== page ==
Milei's radical proposed changes have struck a chord with anti-establishment sentiment. Tapping into popular despair over the country's persistent hyperinflation, he supports eliminating the Argentine currency and replacing it with the US dollar, and abolishing the country's central bank. With a platform centered around a deep belief in free market capitalism, he also backs massive cuts in public spending and privatizing state-owned enterprises — including national oil company YPF.

Milei has also been a vocal supporter of restricting women's access to abortion, expanding private gun ownership and denying the existence of climate change, which has drawn comparisons to the right-wing populism espoused by former US President Donald Trump and former Brazilian President Jair Bolsonaro.

As far as the energy and LNG sector, Milei would look to phase out the country's highly controlled and convoluted system of prices and subsidies for its energy sector while respecting existing contracts — albeit with few details on how such a move would avoid consumer price spikes. But even if Milei managed to clinch the upcoming general election, he would face an uphill battle to amass congressional support for his controversial plans. Uncertainty around his economic proposals has already rattled Argentina’s currency, which if it continues could bring further complications to recovery.

Mexico's Amlo Challenger

While Mexican President Andres Manuel Lopez Obrador is limited to a single six-year term, a successor from his Morena party — likely Mexico City Mayor Claudia Sheinbaum — was looking nearly invincible in presidential elections planned for next June. That changed this summer with the surging fortunes of Xochitl Galvez, a former street vendor and now tech entrepreneur and senator for the center-right PAN party.

Galvez has a down-to-earth streak, dressing in traditional Indigenous styles and tooling around her electric bicycle, but also has a compelling personal story of overcoming extreme poverty to study engineering and found her own tech company. She rapidly leapt to the top three contenders to represent the Broad Front for Mexico (FAM), a coalition made up of former political rivals the center-right PAN, center-left PRI and farther-left PRD.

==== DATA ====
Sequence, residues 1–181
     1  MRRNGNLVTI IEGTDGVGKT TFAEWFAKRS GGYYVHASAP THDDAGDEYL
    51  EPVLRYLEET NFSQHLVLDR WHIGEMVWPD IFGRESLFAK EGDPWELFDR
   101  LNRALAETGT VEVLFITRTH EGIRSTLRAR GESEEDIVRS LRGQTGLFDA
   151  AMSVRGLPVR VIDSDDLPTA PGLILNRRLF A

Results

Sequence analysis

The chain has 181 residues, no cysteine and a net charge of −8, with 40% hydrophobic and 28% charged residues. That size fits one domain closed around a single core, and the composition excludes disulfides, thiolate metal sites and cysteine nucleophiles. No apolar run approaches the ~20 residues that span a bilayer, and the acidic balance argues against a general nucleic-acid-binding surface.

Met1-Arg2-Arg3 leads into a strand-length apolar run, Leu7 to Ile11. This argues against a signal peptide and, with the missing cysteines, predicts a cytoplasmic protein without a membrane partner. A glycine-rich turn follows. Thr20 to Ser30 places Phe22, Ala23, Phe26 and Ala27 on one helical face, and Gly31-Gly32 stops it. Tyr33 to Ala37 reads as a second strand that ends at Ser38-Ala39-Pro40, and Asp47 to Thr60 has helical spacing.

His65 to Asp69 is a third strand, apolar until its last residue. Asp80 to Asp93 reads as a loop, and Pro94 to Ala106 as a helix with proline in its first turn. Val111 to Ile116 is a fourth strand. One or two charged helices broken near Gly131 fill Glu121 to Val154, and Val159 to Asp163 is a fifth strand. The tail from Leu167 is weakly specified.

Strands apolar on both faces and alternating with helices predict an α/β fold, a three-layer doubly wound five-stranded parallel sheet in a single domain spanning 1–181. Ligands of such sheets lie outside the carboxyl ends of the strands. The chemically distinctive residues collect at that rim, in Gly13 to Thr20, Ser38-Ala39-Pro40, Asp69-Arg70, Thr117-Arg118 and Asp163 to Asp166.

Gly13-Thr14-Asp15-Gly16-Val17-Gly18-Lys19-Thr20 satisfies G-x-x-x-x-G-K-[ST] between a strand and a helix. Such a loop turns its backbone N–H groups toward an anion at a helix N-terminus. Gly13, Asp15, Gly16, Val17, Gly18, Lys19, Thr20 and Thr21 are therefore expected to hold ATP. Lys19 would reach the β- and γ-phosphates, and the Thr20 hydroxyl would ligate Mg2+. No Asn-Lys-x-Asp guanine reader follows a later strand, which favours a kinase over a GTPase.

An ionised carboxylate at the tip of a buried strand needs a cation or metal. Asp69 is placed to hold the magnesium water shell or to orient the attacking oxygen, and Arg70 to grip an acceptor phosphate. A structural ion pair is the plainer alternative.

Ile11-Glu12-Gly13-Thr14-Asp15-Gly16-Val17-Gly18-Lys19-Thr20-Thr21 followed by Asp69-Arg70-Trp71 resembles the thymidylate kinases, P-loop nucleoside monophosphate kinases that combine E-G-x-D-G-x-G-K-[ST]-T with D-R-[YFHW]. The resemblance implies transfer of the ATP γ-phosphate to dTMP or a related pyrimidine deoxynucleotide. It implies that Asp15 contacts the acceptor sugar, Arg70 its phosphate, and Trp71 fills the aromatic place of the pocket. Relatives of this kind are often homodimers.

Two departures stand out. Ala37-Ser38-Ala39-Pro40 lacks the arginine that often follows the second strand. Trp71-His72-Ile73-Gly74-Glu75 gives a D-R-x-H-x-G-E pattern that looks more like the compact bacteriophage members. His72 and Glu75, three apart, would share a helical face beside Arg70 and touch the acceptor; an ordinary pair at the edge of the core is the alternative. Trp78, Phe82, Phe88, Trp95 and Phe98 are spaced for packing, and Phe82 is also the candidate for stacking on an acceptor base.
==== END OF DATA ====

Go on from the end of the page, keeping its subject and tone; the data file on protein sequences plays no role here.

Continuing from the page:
Galvez has taken Lopez Obrador head-on, hammering him on issues like brutal cartel violence and women’s rights, her folksy manner challenging his own populist tone. Lopez Obrador has in turn repeatedly mocked Galvez’ candidacy and tamale-selling history at his morning press conferences. Galvez still faces an uphill battle — an August El Financiero poll shows support for Galvez at 36% to Sheinbaum's 48% — but has reinvigorated a demotivated opposition.

On the energy front, Galvez has talked about the need to fight climate change and leverage renewable energy sources including hydrogen. The PAN was a key backer of the 2014 energy reforms to open Mexico’s energy sector to private companies, and broadly supported an all-of-the-above energy strategy, but via tapping private investors. Lopez Obrador dismayed energy investors with his efforts to return that approach to a state-led focus.

Investor Outlook

While many investors have essentially "baked in" Latin America's political swings to their strategies, the current climate promises something of a choppier ride. On the plus side, contract sanctity has proved durable, even in the face of resource nationalist or anti-oil sentiment. Many resource bases remain attractive with favorable economics, and the region offers relative isolation from acute security risks. Still, investors will need to thread the needle of complex and often contradictory conditions — like existing contracts or legal precedent clashing with presidential policy or messaging — that may end in gridlock.

Elections, Resource Access, Policy and Regulation